Just like a social media personality going viral, Jesus eventually became a “must see” figure for all of Israel. His ministry was slower to start out, but he quickly became a celebrity of sorts. This largest season of his ministry, often referred to as Jesus’ year of popularity, would see him surrounded by masses of people seeking to hear him teach and see him perform miracles. Of course, anybody that became as popular as Jesus did, delivering a message that stood in contrast to the traditional religious message of the day, was also going to attract the attention of the influential and powerful. Jesus’ popularity would bring people of every sort to interact with him, consider his message, and respond accordingly.
I have always equated the book of Judges with the American portrayal, in film and television, of the Old West. Laws were few, wars and violence were constant, new settlers struggled against established natives, and heroes would rise from the ranks of the common people. In this period of Israel’s history, there was little unity; no king or central government. The twelve tribes existed as a confederacy, each tending to its own territory, enemies, and issues. The stories that emerge from this period of time are full of lessons on leadership, perseverance, faith, and charisma. But they are also full of lessons on greed, vengeance, selfishness, and failure. The careful reader can learn just as much from the bad examples as the good.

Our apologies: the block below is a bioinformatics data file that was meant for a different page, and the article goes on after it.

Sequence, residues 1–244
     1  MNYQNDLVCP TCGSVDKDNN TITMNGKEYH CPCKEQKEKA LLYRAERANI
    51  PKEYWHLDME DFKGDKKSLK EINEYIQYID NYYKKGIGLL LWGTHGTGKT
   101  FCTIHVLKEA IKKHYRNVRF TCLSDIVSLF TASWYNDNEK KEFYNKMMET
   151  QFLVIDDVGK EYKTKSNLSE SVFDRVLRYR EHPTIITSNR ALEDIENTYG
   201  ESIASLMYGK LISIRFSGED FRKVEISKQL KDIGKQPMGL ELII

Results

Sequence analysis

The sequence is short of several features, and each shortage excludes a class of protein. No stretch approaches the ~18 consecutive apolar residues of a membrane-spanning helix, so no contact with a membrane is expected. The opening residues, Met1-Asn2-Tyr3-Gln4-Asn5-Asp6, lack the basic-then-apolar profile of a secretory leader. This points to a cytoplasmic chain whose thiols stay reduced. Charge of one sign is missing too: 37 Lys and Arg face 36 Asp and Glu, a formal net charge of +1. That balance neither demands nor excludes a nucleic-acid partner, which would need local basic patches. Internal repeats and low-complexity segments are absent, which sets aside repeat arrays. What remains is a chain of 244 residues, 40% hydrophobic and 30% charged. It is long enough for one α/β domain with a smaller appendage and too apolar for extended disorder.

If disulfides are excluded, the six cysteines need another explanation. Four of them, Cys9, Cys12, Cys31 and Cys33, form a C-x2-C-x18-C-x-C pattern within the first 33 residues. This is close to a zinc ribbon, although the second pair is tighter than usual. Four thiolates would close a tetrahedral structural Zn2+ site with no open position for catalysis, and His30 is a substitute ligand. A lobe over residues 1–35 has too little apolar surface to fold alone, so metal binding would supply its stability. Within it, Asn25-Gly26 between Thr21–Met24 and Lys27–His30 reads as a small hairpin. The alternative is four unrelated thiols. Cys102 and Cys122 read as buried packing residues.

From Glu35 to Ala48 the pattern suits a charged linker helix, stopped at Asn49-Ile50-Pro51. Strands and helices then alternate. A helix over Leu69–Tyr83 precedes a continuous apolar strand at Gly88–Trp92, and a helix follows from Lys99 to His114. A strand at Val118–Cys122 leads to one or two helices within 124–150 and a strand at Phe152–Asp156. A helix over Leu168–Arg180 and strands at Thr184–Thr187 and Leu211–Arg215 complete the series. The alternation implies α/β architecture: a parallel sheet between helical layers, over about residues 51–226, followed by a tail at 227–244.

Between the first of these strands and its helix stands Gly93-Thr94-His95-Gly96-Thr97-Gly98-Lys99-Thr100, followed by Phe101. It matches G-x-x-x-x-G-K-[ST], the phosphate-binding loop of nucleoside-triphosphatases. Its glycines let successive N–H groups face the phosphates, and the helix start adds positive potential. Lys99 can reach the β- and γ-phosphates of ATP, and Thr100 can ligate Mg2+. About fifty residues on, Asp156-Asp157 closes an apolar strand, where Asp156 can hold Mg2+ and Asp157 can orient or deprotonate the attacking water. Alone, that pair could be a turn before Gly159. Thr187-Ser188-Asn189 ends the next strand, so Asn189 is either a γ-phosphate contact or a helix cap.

The Book of Acts provides a unique picture of what is now a global community of faith in its very infant stages. The people were passionate and brave at times, disorganized and confused at others. But in these texts, along with many descriptions and instructions from the writings of Paul, we can see the many underlying principles that made the earliest Church so successful. Join us for this 3 week series as we investigate some of these qualities from 2,000 years ago, and consider how we can continue to apply them to our own church setting today.